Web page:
11 Exercises To Fight Self-Sabotage

Even the most successful people may engage in self-sabotage in one or more areas of their life — maybe you have a rewarding career and solid marriage, but can’t seem to keep up an exercise routine, or maybe you’re a social butterfly and keep great company except when it comes to romantic partners. Below are 11 quick self-sabotage busters to try the next time you catch yourself about to self-sabotage…

ET-Squared
Helpful for: Noticing your self-sabotage triggers as they occur in the moment.
Time frame: 10 minutes
Quick instructions: If you notice you are feeling sadness, disappointment, anger, frustration or other negative emotions, name the emotion to yourself out loud or in your head (and write them down in your journal). Then do a mental rewind to see if you can identify the thought(s) that preceded the emotion. Then, rewind once more to the moments right before the thought — what was happening? Go ahead and jot down some details about the event in your journal. Finally, return your attention to the thought(s) and try to categorize them into one or more types of self-sabotage triggers, and write those down.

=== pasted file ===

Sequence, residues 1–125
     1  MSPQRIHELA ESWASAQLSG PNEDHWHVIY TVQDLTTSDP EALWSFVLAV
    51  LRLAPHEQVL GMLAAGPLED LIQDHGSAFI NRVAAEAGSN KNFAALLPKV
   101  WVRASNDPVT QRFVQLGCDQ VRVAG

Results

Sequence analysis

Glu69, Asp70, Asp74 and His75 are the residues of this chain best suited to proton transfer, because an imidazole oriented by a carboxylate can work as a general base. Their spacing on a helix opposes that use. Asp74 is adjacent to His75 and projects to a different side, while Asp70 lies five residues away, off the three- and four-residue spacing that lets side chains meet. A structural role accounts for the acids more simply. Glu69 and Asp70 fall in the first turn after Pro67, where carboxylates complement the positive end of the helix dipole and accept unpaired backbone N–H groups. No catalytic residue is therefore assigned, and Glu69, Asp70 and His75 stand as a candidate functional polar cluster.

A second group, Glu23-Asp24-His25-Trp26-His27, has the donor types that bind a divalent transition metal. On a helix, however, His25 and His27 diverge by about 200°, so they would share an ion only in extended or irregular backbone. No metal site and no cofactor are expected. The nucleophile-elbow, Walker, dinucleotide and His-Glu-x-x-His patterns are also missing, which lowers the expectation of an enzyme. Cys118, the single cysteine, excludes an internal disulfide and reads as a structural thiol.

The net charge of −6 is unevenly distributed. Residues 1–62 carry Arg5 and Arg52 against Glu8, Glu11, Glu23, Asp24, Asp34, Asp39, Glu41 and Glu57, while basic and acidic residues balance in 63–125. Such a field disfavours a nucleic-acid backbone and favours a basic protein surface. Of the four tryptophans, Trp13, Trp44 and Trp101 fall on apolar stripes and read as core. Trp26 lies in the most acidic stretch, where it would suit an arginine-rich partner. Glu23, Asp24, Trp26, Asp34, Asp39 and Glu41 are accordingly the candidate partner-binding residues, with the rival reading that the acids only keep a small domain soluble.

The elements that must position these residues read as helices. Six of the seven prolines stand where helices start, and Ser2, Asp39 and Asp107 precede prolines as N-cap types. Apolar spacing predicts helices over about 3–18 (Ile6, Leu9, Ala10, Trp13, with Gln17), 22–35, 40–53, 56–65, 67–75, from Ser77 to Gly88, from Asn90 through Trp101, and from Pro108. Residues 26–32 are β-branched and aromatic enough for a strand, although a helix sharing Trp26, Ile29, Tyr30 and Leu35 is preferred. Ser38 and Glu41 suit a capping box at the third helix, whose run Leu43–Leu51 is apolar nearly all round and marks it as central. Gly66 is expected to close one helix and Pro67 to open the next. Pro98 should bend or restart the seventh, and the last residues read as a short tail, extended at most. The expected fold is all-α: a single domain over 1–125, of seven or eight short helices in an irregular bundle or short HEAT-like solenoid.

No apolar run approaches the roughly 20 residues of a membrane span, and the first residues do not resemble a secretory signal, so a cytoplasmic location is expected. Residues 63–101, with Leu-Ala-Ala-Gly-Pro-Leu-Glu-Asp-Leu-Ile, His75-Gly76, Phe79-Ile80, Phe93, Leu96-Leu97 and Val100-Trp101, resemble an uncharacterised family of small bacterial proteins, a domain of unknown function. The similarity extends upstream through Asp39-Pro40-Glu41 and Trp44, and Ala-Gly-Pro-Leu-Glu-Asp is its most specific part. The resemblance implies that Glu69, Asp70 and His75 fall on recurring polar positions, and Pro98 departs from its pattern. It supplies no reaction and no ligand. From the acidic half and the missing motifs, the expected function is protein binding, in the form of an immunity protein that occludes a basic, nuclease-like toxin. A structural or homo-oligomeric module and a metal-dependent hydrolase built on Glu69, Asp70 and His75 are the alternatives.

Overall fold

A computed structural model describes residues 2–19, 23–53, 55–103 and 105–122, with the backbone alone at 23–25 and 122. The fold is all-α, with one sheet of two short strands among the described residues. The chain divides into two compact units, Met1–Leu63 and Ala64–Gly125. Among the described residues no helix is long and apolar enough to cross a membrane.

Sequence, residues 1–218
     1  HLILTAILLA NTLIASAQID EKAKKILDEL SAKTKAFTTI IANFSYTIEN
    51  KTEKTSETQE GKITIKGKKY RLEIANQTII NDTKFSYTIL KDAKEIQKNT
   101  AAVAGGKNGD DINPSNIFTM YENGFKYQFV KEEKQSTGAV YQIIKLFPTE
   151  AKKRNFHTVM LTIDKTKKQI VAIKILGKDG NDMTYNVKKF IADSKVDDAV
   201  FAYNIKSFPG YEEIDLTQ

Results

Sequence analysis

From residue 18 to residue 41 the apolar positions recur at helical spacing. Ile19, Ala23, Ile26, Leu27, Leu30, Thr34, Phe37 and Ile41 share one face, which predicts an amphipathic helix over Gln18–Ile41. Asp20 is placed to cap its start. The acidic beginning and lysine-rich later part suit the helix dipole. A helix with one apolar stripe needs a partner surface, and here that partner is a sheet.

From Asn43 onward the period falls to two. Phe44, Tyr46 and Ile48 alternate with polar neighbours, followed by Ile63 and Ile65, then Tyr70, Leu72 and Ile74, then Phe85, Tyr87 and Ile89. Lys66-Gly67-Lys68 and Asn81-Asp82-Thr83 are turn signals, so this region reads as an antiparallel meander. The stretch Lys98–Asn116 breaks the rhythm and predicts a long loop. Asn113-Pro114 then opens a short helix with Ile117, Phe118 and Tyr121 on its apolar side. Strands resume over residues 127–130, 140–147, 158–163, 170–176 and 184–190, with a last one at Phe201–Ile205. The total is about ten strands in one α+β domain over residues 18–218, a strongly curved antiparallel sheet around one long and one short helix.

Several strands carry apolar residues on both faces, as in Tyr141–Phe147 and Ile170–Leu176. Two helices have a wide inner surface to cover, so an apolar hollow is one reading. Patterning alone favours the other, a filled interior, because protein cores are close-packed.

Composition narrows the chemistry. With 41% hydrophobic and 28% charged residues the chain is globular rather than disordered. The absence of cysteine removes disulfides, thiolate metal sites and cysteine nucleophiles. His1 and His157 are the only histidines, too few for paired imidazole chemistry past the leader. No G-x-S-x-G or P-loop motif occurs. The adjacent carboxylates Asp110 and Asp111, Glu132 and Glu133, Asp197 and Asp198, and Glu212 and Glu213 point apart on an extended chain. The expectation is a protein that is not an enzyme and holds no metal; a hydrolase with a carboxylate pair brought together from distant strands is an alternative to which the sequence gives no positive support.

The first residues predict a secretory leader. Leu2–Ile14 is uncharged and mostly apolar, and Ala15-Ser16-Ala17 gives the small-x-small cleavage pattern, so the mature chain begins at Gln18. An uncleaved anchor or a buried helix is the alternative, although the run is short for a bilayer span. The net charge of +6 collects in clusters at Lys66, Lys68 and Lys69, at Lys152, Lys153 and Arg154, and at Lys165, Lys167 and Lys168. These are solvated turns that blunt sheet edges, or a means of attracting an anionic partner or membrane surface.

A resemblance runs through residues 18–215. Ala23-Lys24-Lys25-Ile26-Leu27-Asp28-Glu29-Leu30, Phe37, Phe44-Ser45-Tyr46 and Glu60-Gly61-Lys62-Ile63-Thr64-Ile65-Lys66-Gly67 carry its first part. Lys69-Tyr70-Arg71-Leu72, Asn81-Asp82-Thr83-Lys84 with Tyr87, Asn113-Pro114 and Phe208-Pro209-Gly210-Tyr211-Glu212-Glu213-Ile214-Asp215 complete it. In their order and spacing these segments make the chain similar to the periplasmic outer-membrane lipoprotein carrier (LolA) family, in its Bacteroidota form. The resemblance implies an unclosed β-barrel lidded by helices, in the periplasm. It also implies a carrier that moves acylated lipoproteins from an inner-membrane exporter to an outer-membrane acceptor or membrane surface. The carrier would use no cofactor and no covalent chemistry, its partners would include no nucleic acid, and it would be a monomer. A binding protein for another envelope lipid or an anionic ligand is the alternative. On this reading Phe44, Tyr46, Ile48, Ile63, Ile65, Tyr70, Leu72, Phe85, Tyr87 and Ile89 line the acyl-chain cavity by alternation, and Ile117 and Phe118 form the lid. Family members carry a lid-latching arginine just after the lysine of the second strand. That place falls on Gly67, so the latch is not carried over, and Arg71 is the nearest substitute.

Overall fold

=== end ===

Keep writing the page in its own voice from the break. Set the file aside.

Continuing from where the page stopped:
Thought Clouds
Helpful for:Noticing thoughts as mere mental events and not something you necessarily need to act on or be reactionary towards.
Time frame:
10 minutes